The Lifecycle Of A Star

Explore the lifecycle of stars and learn about Hertzprung-Russell diagrams, supernovae, pulsars, red giants, white dwarfs, and black holes.

When we look up at the sky with the naked eye, all we see are some twinkling dots of light. If we look really hard, we may be able to determine that they are different colored twinkling dots but not much else. In reality, different stars are very different from each other. They are different colors, different distances away, different temperatures, and they emit different types of light. A specific star changes over time, evolving throughout its lifetime.

The basic properties and evolution paths of stars are graphed on diagrams called Hertzprung-Russell diagrams. The horizontal axis of the graph is the star's temperature or spectral classification (a letter system based on temperature). The vertical axis is the luminosity of the star, graphed relative to the sun. Named for two early 20th Century astronomers, Ejnar Hertzprung and Henry Norris Russell, who first plotted this information, H-R diagrams (as they are typically called) effectively map out the lifecycle of stars.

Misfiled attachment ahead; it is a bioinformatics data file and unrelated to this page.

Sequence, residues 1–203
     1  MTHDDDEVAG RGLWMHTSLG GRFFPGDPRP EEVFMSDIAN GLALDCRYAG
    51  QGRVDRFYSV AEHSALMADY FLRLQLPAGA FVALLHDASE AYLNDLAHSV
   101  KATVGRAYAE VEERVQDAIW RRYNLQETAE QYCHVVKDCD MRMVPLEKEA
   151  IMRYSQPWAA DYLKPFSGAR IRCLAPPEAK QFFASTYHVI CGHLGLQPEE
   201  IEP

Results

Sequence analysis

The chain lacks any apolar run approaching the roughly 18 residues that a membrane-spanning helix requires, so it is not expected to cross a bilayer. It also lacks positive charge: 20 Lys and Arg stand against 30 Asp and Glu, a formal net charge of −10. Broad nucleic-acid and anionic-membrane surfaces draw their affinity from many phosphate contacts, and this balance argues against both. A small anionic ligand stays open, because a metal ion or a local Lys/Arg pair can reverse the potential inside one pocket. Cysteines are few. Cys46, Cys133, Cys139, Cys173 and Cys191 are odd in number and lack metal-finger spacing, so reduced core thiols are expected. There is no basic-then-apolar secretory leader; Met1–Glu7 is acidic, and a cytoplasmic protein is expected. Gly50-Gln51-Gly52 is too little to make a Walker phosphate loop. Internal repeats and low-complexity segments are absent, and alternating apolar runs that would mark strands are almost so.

The Regions of a Hertzprung-Russell Diagram

When plotted on the H-R diagram most stars fall in one of three regions. The majority of stars fall in a long narrow band from the bottom right to the top left of the diagram. This is called the main sequence and is where stars spend most of their life. Another pocket of stars is found in the upper right corner of the diagram. Stars there are called giants and supergiants. These are stars that are reaching the end of their lives and have started to expand and blow off extra mass. The third dense region on the graph is in the lower left corner. Stars there are called white dwarfs and are the cores of low mass stars that no longer sustain nuclear fusion and have effectively ended their life.

The Lifecycle of a Star

Stars are formed in gigantic, cold, globular clouds containing tens of thousands or even millions of solar masses worth of dust that condense into individual stars. First, they form protostars, a clump of gas held together by gravity but always wanting to fly apart from the force of thermonuclear reactions. Protostars are surrounded by gas and dust, which prevent them from being seen. Eventually, the protostar settles down into a T-Tauri, which is the first stage we can see. Nuclear fusion reactions start, and the star enters the Main Sequence. Stars spend most of their life, approximately 90%, in the Main Sequence. As stars start reaching the end of their lives, they turn into giants or supergiants and begin synthesizing heavy elements. When these heavier fusion reactions start to burn out, the stars either eject a planetary nebula or turn into supernovas, depending on their mass. Stars of about 5 stellar masses or less turn to nebulas, and stars of greater than 5 solar masses turn nova. The final resting stage of stars is also dependent on mass. Stars of less than 1.4 solar masses become white dwarfs, stars of 1.4-8 solar masses become neutron stars, and stars with more than 8 solar masses end their lives as black holes.